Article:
Ceramic tiles ceiling decorating a vault at Nasir al-Mulk Mosque, (aka the Pink Mosque) Shiraz, Iran. Built 1876 -1888. Architects: Muhammad Hasan-e-Memar and Muhammad Reza Kashi Paz-e-Shirazi.

Mahmood & Khaled rest after trekking amongst El-Khiyam "The Tent

Mahmood & Khaled rest after trekking amongst The Tents, White Desert, Egypt

This post is written for British Exploring Society’s expedition to Namibia summer 2014 but will be of interest for anyone taking a camera into a desert for a prolonged period of time. For some examples of my desert photography see these posts from Western Desert, Egypt & Wadi Rum, Jordan

CAMERA SUGGESTIONS 

Most cameras and most lenses are
better than most photographers

If you have a camera you are happy with just bring it. You don’t need a fancy camera to take great pictures. Much more important are visual thinking and composition. Film, Lomo & disposable are all fine: just bring what you enjoy using.

best-point-and-shoot-camera-reviews-2013

If you want a Point & Shoot (type of camera shown above) you can’t go wrong with the offerings from Sony, Canon, Nikon or Panasonic. Look for manual control options if you want to get creative. £70-200.

If you want to freeze action and or have good low light performance you need a SLR or Micro Four Thirds Camera. A telephoto (long) lens helps you get closer to wildlife and the landscape. Suggested budget interchangeable lens cameras:

canon
Canon EOS 1100D with 18-55 mm lens £249.98  amazon link
Canon EF 75-300mm f/4.0-5.6 III Lens £105.59 amazon link

BESNamibia-064

Panasonic G5, 14-42 lens £288.99 amazon link
45-150 Lens £177.99  amazon link

Recommended 2nd hand retailer (with six warranty) mpbphotographic.co.uk

BESNamibia-065

A camera is no use unless its accessible when the light suddenly changes, or wildlife suddenly appears. Keeping the camera accessible is more important than the type of camera you carry. Think about how you get to the camera when wearing a backpack. For most of you a Point and Shoot camera with a pouch on your backpack shoulder strap is the best option.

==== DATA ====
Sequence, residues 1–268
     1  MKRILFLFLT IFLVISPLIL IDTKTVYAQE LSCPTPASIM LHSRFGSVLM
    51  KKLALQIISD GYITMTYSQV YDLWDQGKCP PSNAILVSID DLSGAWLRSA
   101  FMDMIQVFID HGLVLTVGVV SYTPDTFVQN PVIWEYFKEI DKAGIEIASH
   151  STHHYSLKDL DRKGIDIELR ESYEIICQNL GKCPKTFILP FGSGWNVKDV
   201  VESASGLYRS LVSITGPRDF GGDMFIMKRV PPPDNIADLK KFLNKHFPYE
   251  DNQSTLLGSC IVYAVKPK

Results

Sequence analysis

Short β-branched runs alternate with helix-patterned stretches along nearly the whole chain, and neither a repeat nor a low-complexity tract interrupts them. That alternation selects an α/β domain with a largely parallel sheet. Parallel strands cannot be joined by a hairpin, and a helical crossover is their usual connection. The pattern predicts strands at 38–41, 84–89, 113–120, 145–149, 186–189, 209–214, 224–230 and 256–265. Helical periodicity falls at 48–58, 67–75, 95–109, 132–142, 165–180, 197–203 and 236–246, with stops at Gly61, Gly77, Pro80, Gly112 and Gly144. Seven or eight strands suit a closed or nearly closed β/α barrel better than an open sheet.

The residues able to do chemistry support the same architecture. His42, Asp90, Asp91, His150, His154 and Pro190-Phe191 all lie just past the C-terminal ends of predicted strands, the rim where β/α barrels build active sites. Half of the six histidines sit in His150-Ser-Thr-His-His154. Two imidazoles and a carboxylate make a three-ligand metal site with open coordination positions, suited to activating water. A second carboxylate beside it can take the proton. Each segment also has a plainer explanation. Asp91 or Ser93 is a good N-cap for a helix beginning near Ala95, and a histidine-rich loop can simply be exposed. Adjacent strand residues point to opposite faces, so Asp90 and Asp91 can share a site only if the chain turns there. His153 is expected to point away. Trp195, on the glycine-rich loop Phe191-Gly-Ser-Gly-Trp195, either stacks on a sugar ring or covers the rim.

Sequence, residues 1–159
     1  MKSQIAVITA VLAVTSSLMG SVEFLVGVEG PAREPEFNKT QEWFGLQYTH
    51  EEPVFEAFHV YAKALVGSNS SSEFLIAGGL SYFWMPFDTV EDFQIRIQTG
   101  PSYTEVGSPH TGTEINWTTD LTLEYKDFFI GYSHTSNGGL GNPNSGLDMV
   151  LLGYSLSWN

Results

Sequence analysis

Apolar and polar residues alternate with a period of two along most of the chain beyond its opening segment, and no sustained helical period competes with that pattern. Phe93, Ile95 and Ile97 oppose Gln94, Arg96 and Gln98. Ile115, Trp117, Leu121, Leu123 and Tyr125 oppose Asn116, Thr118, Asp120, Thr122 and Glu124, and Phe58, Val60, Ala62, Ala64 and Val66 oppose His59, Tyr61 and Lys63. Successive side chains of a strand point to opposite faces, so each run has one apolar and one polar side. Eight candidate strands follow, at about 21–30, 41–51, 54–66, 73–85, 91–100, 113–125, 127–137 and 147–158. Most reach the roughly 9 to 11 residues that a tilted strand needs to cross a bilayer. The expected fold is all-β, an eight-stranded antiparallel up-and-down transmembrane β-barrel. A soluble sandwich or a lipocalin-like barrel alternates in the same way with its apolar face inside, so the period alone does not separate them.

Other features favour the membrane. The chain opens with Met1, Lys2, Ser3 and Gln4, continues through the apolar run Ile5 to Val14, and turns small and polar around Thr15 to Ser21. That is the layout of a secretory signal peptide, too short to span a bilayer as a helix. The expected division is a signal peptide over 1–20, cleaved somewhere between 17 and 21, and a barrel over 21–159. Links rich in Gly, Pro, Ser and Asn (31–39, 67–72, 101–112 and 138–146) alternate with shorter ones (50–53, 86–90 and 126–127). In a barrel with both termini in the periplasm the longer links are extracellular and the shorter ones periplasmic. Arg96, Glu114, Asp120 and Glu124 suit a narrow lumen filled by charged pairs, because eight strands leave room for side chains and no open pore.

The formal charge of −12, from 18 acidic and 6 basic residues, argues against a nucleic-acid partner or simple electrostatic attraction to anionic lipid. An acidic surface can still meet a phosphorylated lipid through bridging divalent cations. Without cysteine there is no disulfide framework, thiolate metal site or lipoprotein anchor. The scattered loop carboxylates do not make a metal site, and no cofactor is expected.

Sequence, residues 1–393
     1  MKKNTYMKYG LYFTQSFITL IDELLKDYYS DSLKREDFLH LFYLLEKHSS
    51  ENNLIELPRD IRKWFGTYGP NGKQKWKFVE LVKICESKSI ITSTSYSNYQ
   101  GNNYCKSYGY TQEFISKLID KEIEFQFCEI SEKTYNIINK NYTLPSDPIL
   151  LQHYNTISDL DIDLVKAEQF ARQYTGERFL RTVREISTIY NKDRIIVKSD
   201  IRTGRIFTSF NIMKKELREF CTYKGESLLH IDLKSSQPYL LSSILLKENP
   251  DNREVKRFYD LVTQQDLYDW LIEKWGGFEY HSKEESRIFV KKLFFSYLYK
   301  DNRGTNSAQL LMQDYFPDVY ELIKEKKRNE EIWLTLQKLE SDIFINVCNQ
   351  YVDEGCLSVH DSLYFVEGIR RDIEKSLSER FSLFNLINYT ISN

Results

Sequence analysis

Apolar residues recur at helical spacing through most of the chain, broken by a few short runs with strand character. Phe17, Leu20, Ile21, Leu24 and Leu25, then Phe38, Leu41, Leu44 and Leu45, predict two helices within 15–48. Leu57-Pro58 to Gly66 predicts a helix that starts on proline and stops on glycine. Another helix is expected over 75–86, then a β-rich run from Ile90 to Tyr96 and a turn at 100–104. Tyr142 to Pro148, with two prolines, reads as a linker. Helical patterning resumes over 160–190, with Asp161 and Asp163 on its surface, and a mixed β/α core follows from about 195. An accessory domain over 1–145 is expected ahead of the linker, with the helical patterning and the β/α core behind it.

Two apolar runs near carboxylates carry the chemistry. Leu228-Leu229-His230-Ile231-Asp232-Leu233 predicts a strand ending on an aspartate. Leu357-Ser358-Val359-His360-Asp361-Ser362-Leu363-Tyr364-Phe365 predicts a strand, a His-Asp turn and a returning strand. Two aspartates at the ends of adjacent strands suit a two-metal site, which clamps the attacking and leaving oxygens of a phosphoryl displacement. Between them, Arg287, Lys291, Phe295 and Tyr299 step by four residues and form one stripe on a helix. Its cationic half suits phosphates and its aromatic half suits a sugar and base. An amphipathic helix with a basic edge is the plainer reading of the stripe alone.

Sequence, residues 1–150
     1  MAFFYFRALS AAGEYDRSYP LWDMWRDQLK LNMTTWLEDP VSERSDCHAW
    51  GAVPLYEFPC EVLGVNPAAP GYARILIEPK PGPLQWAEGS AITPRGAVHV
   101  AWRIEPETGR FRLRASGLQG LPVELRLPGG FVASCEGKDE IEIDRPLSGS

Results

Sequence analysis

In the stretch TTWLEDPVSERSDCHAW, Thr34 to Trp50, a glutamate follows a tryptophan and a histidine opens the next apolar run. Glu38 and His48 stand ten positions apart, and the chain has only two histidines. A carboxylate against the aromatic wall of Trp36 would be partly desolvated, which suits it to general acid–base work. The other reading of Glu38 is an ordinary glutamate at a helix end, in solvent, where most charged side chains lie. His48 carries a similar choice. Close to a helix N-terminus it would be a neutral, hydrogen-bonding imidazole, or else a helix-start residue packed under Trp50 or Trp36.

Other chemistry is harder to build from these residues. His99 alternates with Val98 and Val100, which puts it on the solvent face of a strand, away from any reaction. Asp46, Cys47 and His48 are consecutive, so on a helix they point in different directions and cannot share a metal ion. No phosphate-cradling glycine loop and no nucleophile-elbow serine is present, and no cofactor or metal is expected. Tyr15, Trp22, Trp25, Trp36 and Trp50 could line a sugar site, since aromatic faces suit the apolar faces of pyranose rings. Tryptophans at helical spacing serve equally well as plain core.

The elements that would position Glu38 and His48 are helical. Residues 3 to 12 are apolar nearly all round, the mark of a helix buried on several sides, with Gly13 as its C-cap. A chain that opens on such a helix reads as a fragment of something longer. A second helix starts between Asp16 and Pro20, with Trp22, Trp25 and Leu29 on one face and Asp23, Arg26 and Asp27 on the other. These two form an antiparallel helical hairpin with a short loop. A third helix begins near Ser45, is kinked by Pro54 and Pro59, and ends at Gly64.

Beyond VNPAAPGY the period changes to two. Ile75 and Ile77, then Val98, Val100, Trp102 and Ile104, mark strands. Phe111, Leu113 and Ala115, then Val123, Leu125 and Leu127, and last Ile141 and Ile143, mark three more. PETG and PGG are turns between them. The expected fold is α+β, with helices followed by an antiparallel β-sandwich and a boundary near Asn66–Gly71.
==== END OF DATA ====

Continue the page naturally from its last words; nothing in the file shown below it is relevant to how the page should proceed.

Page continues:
BESNamibia-067
If you place a camera on the ground in the desert, sand and dust will enter the lens mechanism and break it. Most desert expeditions have a number of breakages in the first few days when people ignore this advice. Always put the camera back in its case when you finish actively shooting with in.

Clean the camera regularly helps prevent dust working its way into the camera. Wrap the camera in zip-lock or sandwich bag, then place in its case during dust storms.

BESNamibia-066
Some means of keeping the camera steady is useful for night photography, astro photography, video, special effects and when using long lenses – and of course being in your own photos.

KEEPING IT RUNNING

Batteries-900-100

Bring enough memory cards for a few hundred shots/ week more if you want to take video.

There are no charging facilities. Bring enough batteries. Get to know you camera but one or two per week should do.

A handful of 3rd party batteries are cheaper, easier and lighter than a solar charger.

If you want to try Solar look at Powermonkey Extreme amazon link but check eth voltage of your camera and if it can charge from usb or this won’t help you.

ANY QUESTIONS?

Any photography questions regarding desert photography/BES Namibia 2014 ask them below in the comments and I’ll answer them here so everybody can benefit.

Wadi Rum, Jordan

Wadi Rum, Jordan

Quintin Lake:

Looks like an interesting discussion on Architectural Photography for those in London

Originally posted on The Miniclick Photo Talks:

We’re heading back to the Anise Gallery in London for our second panel discussion with them, in what we hope will become a pretty long series. Back in October 2013 we curated a panel on contemporary British landscape photography to coincide with Marc Wilson’s beautiful exhibition of his Last Stand work.

The gallery has a strong architectural leaning and in February, whilst Paul Raftery’s fantastic “Berlin Voids” exhibition is on, they’ve invited us back to put together a panel on architectural photography. Photographing architecture is an odd thing – creating two dimensional images of someone else’s work of art that is inherently intended to be experienced in three dimensions. Most buildings are seen by more people on the pages of magazines, or on blogs, than they are in person. It also has a history of being photographed empty, devoid of the people who the structure is intended to be used…

View original 957 more words

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48 hours in Valletta, Malta

Spun Candy, Covent Garden

Spun Candy, Covent Garden

Spun Candy, Covent Garden

Spun Candy, Covent Garden

Spun Candy, Covent Garden

Spun Candy, Covent Garden

Spun Candy, Covent Garden

Spun Candy, Covent Garden

Spun Candy, Covent Garden

Spun Candy, Covent Garden

Spun Candy, Covent Garden

Spun Candy, Covent Garden

Spun Candy, Covent Garden

Spun Candy, Covent Garden

Spun Candy, Covent Garden

Spun Candy, Covent Garden

Spun Candy, Covent Garden

Spun Candy, Covent Garden

Spun Candy, Covent Garden

Spun Candy, Covent Garden

Spun Candy, Covent Garden

Spun Candy, Covent Garden

Spun Candy, Covent Garden